Yet another one of those cool features the Rampage is bristling with, is this CPU backplate. Bear with me. Rather than have the mounting on the motherboard, necessitating quite a faff if you want to change it, the R4E is capable of supporting both LGA2011 CPU coolers, and current LGA1366 ones too. So if you've got anything from a high-end air cooler, via a CPU water block, all the way up to a pot for sub-zero cooling, it will be able to be used on the Rampage IV Extreme.
Oh and there are a load of SATA cables too.
Finally, here it is. The Rampage IV Extreme in the familiar red and black flesh, both with and without its cooling.
Considering the absolute art that was the heatsinks on both the Rampage III Extreme and Maximus IV Extreme, it's a bit of a surprise to find the heatsinks on the R4E are fairly bland. Although the sheer volume of stuff, 8 DIMM slots, Quad PCIe, naturally reduces the real estate available for the more arty designs.
The chipset cooler we will talk about on the next page, but it's worth taking a moment to appreciate the PCI Express slot layout. Most people will stick to a single or dual-GPU system and there is a lot of space between the first and third expansion slots, to give your card as much ventilation as possible.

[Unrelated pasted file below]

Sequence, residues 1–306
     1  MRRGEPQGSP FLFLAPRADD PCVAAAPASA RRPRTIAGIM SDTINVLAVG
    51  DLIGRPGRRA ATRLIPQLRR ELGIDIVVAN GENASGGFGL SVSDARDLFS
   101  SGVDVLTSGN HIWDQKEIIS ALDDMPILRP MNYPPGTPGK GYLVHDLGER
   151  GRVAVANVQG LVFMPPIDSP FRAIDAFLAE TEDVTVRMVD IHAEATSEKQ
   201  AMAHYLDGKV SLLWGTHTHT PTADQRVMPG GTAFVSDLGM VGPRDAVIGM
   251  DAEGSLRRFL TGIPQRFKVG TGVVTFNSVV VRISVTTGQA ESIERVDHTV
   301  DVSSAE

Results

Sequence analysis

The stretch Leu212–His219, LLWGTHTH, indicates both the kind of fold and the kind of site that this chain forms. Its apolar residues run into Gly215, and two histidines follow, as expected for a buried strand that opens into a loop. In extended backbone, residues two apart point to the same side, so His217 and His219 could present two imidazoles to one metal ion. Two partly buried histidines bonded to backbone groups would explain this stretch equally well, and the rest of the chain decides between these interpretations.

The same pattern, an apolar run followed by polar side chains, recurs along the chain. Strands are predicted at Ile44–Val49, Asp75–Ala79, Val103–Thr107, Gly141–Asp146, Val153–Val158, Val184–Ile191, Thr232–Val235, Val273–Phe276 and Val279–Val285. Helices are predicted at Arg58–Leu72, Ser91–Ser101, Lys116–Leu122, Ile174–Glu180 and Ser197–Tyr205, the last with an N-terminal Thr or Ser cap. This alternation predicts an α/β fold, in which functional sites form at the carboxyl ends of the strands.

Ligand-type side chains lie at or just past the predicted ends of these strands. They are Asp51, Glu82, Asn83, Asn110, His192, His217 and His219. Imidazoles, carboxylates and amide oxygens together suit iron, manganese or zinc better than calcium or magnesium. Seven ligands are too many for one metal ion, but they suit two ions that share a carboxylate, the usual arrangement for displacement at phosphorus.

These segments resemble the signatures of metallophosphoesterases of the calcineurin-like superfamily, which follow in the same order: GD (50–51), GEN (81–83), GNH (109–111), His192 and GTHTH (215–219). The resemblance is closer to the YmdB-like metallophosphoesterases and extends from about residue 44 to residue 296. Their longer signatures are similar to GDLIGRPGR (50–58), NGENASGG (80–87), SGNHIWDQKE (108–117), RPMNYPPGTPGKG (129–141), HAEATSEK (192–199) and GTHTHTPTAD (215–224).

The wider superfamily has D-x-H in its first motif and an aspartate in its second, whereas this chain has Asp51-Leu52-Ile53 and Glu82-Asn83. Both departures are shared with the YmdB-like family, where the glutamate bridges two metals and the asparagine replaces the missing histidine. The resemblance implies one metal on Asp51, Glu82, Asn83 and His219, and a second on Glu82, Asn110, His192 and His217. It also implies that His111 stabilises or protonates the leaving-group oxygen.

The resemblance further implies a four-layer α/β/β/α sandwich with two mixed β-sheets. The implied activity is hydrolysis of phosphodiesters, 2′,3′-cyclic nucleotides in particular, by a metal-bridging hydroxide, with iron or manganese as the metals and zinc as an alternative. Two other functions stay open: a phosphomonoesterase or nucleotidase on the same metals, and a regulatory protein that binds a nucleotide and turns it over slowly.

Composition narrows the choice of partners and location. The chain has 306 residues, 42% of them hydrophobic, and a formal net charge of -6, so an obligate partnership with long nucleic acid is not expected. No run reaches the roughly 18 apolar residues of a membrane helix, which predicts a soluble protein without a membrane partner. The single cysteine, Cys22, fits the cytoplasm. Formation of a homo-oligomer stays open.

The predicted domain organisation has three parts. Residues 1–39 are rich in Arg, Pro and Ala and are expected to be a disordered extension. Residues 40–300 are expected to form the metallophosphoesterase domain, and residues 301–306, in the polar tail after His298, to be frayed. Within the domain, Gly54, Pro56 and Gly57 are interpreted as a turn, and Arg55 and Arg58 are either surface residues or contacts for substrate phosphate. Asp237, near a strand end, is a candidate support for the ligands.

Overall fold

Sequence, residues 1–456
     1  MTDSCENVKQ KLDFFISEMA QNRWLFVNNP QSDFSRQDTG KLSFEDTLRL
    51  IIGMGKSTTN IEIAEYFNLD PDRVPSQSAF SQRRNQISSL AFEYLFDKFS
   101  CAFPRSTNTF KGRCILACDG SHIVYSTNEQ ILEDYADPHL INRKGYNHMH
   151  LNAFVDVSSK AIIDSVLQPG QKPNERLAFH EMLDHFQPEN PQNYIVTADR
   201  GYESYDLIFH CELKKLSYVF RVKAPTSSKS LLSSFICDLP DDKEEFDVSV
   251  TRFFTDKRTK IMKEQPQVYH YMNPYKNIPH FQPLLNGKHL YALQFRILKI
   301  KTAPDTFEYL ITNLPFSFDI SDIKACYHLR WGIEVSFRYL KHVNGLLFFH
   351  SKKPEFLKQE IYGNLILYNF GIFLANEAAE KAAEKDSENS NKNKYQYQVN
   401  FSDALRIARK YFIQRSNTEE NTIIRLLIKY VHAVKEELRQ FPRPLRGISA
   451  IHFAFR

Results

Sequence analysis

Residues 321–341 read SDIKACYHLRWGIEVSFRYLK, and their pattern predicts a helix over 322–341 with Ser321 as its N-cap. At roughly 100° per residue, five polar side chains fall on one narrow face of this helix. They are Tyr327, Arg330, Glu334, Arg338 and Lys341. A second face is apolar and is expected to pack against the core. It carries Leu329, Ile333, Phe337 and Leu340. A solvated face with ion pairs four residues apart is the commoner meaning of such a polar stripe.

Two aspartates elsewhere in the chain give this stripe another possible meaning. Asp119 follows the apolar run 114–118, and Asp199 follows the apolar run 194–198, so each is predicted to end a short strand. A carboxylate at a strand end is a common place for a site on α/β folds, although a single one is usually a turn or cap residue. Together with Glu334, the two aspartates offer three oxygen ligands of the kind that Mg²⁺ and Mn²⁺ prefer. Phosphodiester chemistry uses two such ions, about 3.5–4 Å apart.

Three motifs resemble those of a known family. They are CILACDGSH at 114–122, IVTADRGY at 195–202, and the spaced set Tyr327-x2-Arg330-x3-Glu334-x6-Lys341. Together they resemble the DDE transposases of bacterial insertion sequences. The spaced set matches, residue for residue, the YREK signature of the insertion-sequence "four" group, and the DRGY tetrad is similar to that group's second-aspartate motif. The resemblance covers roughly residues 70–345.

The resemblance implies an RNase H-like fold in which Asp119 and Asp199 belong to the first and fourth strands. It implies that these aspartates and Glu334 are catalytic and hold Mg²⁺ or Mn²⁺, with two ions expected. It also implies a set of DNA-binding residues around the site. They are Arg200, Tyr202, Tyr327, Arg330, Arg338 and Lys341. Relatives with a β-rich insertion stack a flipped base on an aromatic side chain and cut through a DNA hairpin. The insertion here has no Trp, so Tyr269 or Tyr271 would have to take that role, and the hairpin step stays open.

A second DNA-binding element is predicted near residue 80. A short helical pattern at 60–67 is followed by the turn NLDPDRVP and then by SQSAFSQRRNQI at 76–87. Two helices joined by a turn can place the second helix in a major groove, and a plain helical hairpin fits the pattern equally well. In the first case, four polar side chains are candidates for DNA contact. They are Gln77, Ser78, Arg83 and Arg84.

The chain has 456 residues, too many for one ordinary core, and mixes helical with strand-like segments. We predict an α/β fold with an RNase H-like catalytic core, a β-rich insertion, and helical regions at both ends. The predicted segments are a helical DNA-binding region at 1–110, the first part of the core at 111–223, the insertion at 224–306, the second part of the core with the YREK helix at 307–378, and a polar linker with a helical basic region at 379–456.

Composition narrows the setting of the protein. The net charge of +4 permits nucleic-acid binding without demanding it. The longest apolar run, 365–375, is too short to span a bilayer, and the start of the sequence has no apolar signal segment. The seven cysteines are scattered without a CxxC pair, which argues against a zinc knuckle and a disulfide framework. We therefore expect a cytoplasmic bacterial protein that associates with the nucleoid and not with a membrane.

No that isn't a newfangled form of storage connection. We have the standard SATA 6Gbp/s and SATA 3Gbp/s storage options, supporting RAID 0,1,5 and 10. The small box to the right of the SATAII is for reading the temperature of the board, even in sub-zero conditions. So if you're aiming for those world records, it's all a little bit easier to monitor.
If there is one thing that any overclocking board needs it is lots of power, and the R4E is capable of drawing on a lot of juice thanks to an additional 4pin ATX power connector alongside the standard 8pin number, and nestled to the left of the first PCIe slot we have another 6 pin connector for even more juice.
When we first opened the Rampage we were fairly surprised to see the inclusion of a 40mm fan on the chipset heatsink. Especially as the reference Intel board doesn't have one, so it's not just a case of the X79 being a toasty chip. Turning it over we were even more surprised it's a Delta *cue half the readership shuddering*. So let's answer your questions straight away. Yes it is as loud as you remember 40mm fans being, but no it's not vital under standard load scenarios and unless you really are the kind of person who is going for world records, or you have four lengthy GPUs in situ reducing airflow, then you can unplug it without finding the X79 anywhere near hot enough to trigger the alarm.